Letter from Birmingham Jail by Martin Luther King audiobook

Letter from Birmingham Jail

By Martin Luther King Jr.
Read by Dion Graham

Mission Audio
0.85 Hours Unabridged
Format: Digital Download (In Stock)
  • $5.98
    or 1 Credit

    ISBN: 9781610457491

April 16th. The year is 1963. Birmingham, Alabama has had a spring of non-violent protests known as the Birmingham Campaign, seeking to draw attention to the segregation against blacks by the city government and downtown retailers. The organizers longed to create a non-violent tension so severe that the powers that be would be forced to address the rampant racism head on. Recently arrested was Martin Luther King, Jr.. It is there in that jail cell that he writes this letter; on the margins of a newspaper he pens this defense of non-violence against segregation. His accusers, though many, in this case were not the white racist leaders or retailers he protested against, but 8 black men who saw him as “other” and as too extreme. To them and to the world he defended the notion that “Injustice anywhere is a threat to justice everywhere”.

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Summary

Summary

Finalist for the 2014 Audie Award for Best Original Work Narration

A 2013 Publishers Weekly Listen-Up Award Nominee

April 16th. The year is 1963. Birmingham, Alabama has had a spring of non-violent protests known as the Birmingham Campaign, seeking to draw attention to the segregation against blacks by the city government and downtown retailers. The organizers longed to create a non-violent tension so severe that the powers that be would be forced to address the rampant racism head on. Recently arrested was Martin Luther King, Jr.. It is there in that jail cell that he writes this letter; on the margins of a newspaper he pens this defense of non-violence against segregation. His accusers, though many, in this case were not the white racist leaders or retailers he protested against, but 8 black men who saw him as “other” and as too extreme. To them and to the world he defended the notion that “Injustice anywhere is a threat to justice everywhere”.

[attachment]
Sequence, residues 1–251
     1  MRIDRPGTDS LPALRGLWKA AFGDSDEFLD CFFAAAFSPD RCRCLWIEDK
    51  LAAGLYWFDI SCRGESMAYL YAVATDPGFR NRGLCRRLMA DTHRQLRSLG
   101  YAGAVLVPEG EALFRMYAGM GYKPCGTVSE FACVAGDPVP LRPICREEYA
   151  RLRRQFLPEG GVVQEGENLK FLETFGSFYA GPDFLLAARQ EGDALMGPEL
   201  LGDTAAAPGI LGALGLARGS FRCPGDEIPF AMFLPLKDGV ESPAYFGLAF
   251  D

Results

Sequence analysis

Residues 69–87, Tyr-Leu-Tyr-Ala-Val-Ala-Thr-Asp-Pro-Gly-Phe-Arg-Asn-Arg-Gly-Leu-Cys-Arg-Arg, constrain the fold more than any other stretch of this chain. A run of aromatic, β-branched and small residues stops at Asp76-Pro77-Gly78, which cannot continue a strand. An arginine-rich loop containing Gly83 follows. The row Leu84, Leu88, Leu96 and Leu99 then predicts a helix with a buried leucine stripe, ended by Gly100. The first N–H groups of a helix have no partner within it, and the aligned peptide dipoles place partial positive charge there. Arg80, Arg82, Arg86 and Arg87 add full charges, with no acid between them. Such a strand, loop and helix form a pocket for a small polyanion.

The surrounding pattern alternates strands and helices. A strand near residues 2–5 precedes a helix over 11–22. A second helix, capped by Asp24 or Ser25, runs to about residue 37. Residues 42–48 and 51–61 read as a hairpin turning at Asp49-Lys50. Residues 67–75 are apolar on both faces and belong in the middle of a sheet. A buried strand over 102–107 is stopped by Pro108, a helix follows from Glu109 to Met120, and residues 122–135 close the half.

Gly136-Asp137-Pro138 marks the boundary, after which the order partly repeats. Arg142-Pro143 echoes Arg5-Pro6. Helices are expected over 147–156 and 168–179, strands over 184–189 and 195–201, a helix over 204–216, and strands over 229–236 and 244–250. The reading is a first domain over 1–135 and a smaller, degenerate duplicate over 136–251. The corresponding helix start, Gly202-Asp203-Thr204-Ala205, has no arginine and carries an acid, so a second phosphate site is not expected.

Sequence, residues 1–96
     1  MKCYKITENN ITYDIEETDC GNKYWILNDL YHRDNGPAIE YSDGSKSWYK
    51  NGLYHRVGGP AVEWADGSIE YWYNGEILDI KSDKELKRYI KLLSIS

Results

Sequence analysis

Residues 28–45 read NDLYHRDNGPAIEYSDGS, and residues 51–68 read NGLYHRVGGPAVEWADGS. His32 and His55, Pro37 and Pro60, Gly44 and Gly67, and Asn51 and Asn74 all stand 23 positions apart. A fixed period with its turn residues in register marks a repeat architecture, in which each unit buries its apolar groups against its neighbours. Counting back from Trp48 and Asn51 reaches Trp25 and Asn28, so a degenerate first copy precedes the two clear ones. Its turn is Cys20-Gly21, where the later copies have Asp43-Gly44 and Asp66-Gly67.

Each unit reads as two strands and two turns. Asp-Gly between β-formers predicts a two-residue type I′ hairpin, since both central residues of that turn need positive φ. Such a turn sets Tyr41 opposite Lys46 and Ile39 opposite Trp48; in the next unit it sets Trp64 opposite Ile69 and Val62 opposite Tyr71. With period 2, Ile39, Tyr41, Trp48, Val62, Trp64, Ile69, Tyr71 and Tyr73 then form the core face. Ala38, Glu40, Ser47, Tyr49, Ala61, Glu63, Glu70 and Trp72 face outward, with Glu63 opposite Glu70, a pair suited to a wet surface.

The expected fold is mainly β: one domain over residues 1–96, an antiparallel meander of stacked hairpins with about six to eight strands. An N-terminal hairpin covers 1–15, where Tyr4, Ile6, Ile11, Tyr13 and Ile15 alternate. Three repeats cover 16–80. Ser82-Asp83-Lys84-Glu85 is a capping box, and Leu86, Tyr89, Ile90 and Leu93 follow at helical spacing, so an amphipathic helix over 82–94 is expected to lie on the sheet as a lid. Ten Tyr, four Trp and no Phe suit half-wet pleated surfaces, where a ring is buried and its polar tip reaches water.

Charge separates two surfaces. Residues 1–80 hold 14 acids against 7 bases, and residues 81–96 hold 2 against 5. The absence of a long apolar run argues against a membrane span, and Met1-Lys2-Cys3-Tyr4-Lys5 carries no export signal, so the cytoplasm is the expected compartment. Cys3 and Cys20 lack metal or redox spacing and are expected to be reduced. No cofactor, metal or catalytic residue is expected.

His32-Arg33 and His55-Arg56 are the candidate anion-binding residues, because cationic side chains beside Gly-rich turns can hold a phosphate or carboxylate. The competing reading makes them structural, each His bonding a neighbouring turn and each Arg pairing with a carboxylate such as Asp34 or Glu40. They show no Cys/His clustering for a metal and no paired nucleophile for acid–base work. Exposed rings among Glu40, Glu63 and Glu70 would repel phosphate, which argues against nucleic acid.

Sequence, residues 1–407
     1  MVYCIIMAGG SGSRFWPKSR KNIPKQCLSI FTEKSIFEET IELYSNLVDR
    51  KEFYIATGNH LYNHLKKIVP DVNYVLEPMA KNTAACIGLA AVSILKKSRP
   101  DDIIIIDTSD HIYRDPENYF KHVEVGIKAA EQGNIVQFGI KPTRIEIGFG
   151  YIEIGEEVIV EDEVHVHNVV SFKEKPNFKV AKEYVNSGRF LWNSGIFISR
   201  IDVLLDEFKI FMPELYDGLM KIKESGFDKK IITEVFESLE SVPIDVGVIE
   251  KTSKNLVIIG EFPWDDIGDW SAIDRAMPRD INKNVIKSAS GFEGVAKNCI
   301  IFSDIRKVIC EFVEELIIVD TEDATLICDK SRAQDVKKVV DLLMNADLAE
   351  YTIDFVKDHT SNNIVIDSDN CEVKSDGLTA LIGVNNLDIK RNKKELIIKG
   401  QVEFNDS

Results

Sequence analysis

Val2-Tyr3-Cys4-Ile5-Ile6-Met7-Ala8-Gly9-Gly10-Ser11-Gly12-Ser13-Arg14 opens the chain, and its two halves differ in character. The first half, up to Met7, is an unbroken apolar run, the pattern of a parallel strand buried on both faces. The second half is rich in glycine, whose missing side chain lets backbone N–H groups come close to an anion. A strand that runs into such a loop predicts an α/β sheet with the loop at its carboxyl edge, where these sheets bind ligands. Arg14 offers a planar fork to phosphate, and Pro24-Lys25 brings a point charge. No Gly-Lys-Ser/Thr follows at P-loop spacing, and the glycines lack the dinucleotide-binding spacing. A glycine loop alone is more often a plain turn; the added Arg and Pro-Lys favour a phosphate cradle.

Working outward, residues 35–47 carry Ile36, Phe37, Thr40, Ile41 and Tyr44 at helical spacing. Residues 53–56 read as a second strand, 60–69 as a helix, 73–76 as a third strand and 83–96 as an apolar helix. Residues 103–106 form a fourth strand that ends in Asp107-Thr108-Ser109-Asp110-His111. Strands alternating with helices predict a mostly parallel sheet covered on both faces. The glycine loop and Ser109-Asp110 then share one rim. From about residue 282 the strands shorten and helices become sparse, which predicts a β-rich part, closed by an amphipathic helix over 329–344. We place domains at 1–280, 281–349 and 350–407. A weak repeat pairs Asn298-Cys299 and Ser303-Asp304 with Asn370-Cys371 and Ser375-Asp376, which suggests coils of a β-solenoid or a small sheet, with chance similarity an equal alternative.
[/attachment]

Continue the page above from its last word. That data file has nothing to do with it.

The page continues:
Editorial Reviews

Editorial Reviews

“The publication of Letter from a Birmingham Jail was pivotal in influencing public opinion in favor of the civil rights movement, and it caused the movement to receive both greater participation and greater financial support. Today, it is a reminder of the moral and religious imperatives that drove the 1960s civil rights movement and its brilliant leader.” Sacred Fire

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Reviews

Author

Author Bio: Martin Luther King Jr.

Author Bio: Martin Luther King Jr.

Martin Luther King Jr. (1929–1968) was born in Atlanta, Georgia, the son and grandson of pastors. He graduated from Morehouse College and Crozer Theological Seminary, becoming the pastor of the Dexter Avenue Baptist Church in Montgomery, Alabama at age twenty-five. He subsequently earned his PhD from Boston University. In 1957, he and other civil rights leaders founded the Southern Christian Leadership Conference, an organization he led until his death. A proponent of Gandhian principles of nonviolence, he led many protests and demonstrations for civil rights, including the March on Washington for Jobs and Freedom on August 29, 1963, where he delivered his famous “I Have a Dream” speech. Winner of the 1964 Nobel Peace Prize, he continued to fight for civil rights, the eradication of poverty, and the end of the Vietnam War. He was assassinated on April 4, 1968 in Memphis, Tennessee.

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Details

Details

Available Formats : Digital Download
Runtime: 0.85
Audience: Adult
Language: English